4.  Reaction to Bishop Tobin’s response ran the gamut from those who thought he never should have interfered or went too far, to those who shook fists in the air demanding he excommunicate the congressman.  There is no episcopal handbook on how to deal with such issues, therefore it is up to the discretion and devices of each individual bishop who has the authority over his diocese.  Confusion arises when there are different responses or even public infighting seen among the bishops on how to handle such issues.  There are numerous recent public scandals to cite as examples: President Obama at Notre Dame, Nancy Pelosi on Meet the Press, Sen. Ted Kennedy’s funeral, and now Congressman Patrick Kennedy’s scuffle with Bishop Tobin.  Is a Catholic politician’s public voting record on abortion cause for public scandal?  Remember that scandal is defined as “conduct causing or encouraging a lapse of Faith or religious obedience in another”.  Public scandal requires a public correction and a public repentance.  The inability of US bishops to reach a consensus on dealing with public scandal is divisive and the inconsistency or lack of response can itself become scandalous.

5. Why do people have the erroneous impression that they can be proponents of abortion and still remain faithful, devout Catholics?  Or how is it possible that people don’t see a fundamental flaw in their reasoning when they espouse the “I’m personally against abortion but would not impose my belief on another” argument?  Why is the belief so widespread that it is acceptable to compartmentalize one’s religious beliefs from public conduct, or hold Faith as not only personal but also private.  And why is that not seen as contrary to the very heart of Catholicism?   Why do people mistakenly cite their consciences to justify dissent from central teachings of the Church, and just about everything for that matter?  Why wouldn’t faithful Catholics approach personal disagreements with Church teachings from a disposition of humility and a fundamental assumption that “if I find myself at odds with the Church, I must not have a clear understanding of what the Church is teaching”?  There is genius and centuries of wisdom in the Church.  As Abp. Fulton Sheen once said, “There are only about 100 people that truly hate the Church, but there are millions who hate what they think the Church is”.  The answer to all these questions is simple:  lack of education (catechesis).  Where is the substance in catechetical education for children and young adults?  Where is the adult education?  Where is the continuing formation for the clergy?  Where is the reinforcement from the pulpit?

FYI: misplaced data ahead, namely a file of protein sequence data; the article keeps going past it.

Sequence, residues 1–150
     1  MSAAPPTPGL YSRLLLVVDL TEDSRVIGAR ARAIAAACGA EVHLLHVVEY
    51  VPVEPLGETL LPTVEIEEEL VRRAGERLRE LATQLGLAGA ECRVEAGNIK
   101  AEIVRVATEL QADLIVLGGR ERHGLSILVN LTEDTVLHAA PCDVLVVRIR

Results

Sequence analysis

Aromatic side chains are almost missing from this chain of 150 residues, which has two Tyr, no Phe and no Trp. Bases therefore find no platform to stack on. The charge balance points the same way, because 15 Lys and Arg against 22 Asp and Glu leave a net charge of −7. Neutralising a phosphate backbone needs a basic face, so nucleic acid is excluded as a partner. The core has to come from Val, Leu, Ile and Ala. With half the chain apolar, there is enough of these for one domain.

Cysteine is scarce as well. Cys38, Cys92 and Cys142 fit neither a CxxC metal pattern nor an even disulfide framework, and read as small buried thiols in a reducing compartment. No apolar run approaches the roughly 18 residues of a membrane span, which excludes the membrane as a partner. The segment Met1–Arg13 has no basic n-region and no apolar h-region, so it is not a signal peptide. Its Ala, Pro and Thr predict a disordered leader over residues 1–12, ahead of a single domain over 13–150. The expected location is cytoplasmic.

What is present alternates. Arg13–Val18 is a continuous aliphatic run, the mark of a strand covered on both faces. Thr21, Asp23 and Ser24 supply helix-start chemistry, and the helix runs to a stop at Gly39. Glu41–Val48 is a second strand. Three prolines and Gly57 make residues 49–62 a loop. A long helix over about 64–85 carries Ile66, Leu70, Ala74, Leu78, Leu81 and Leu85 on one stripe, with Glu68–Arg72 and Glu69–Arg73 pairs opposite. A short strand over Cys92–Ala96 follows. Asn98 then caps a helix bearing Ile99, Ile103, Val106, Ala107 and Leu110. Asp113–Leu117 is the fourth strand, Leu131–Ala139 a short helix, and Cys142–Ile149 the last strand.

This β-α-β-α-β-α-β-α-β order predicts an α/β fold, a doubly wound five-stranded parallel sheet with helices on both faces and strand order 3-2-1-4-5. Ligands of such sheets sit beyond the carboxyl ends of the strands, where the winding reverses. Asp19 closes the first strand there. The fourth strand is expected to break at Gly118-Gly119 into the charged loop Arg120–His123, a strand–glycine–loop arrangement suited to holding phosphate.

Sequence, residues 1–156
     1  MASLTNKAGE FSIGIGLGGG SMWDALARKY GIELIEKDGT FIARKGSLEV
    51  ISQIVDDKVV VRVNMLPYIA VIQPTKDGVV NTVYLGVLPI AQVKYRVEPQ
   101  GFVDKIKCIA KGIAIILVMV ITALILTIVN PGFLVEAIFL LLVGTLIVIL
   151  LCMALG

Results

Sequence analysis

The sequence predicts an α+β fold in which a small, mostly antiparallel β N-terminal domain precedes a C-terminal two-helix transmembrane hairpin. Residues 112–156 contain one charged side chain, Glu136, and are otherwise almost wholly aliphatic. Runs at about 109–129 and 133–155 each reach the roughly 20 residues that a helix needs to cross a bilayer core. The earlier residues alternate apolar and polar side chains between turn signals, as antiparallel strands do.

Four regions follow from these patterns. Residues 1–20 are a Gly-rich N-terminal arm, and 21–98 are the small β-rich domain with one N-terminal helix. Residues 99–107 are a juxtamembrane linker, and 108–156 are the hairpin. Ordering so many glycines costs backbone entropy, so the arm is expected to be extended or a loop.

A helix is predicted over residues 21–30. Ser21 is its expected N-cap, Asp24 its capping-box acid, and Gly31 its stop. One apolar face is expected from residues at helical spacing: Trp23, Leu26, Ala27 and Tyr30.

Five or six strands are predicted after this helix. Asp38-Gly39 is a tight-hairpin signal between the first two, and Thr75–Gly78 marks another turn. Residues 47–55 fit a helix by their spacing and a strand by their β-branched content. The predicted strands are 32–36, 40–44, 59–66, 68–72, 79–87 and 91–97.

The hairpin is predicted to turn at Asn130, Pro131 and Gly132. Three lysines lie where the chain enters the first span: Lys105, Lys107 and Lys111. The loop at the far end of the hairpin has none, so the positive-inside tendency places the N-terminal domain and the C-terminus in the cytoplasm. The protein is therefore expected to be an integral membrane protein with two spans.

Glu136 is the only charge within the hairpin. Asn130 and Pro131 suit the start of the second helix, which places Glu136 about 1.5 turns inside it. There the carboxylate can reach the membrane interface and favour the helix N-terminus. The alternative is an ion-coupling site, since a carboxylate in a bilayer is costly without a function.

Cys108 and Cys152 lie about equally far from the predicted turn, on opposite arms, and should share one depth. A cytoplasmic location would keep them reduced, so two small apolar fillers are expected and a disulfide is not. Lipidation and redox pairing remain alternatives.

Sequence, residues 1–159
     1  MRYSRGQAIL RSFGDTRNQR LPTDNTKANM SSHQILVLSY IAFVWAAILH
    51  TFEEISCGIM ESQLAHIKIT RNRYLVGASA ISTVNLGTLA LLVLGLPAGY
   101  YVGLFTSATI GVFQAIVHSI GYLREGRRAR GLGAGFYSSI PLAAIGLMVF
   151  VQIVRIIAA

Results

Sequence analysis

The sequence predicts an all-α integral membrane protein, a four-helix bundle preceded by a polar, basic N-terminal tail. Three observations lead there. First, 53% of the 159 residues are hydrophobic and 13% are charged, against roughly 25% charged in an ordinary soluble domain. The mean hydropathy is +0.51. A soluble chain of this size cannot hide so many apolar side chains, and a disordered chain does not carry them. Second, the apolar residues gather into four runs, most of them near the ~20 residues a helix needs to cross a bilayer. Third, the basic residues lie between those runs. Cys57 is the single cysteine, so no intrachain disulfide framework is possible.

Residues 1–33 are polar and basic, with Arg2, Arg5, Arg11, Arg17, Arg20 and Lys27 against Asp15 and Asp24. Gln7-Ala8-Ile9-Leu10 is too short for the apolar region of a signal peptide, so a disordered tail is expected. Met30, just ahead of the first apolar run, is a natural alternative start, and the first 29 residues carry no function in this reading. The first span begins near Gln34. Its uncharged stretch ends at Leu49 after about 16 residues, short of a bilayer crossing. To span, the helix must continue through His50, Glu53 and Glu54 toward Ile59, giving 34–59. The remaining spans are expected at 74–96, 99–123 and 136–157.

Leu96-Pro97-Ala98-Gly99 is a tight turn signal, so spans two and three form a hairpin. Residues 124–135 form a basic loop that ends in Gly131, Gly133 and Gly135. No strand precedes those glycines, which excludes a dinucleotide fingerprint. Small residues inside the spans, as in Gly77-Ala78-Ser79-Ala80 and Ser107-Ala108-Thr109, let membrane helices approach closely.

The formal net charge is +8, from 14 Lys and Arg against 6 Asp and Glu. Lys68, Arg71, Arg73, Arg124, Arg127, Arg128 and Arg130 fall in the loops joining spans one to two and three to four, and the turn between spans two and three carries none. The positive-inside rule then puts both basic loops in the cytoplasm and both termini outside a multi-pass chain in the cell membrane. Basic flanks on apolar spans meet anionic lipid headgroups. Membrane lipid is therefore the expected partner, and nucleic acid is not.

So, thank you Congressman Kennedy for unwittingly bringing much needed discussions to a national audience.  Thank you Bishop Tobin for having the courage and taking this opportunity to instruct the faithful and challenge the unfaithful.  Public scandal requires a public response, lest complacent inaction creates scandal itself.


Left’s double-standard on religion and abortion

The Left opposes the Catholic Church’s opposition to abortion provisions in healthcare reform. So why doesn’t it oppose the YWCA, United Methodist Church, and the Central Conference of American Rabbis for favoring abortion?

Original post by William Donohue

Getting Nancy Pelosi to accept a health care bill that bans federal funds for abortion was the greatest victory scored by U.S. bishops in a generation. It also unleashed an unprecedented attempt to censor them. Their latest enemy is Geoffrey Stone writing in the Huffington Post.

Stone finds it troubling that the bishops are so vocal. He yearns for a time when JFK was president, a time when separation of church and state met his approval. Perhaps the Chicago law professor forgot about Rev. Martin Luther King, the minister who took to the pulpit and lobbied for civil rights in the name of free speech and religious liberty. Should King have been muzzled as well? Or just today’s bishops?

As the following list discloses, Stone is hardly alone in trying to censor the bishops: Rep. Lynn Woolsey, Rep. Diana DeGette, Rep. Patrick Kennedy, Frances Kissling, Planned Parenthood, Feminist Majority, Catholics for Choice, Americans United for Separation of Church and State, the National Organization for Women, and many others favor a gag rule. On Nov. 12, Nancy Snyderman of MSNBC spoke for many when she said that “This is going to be a Pollyannaish statement. The Catholic bishops appearing and having a political voice seems to be a most fundamental violation of church and state.” Brilliant.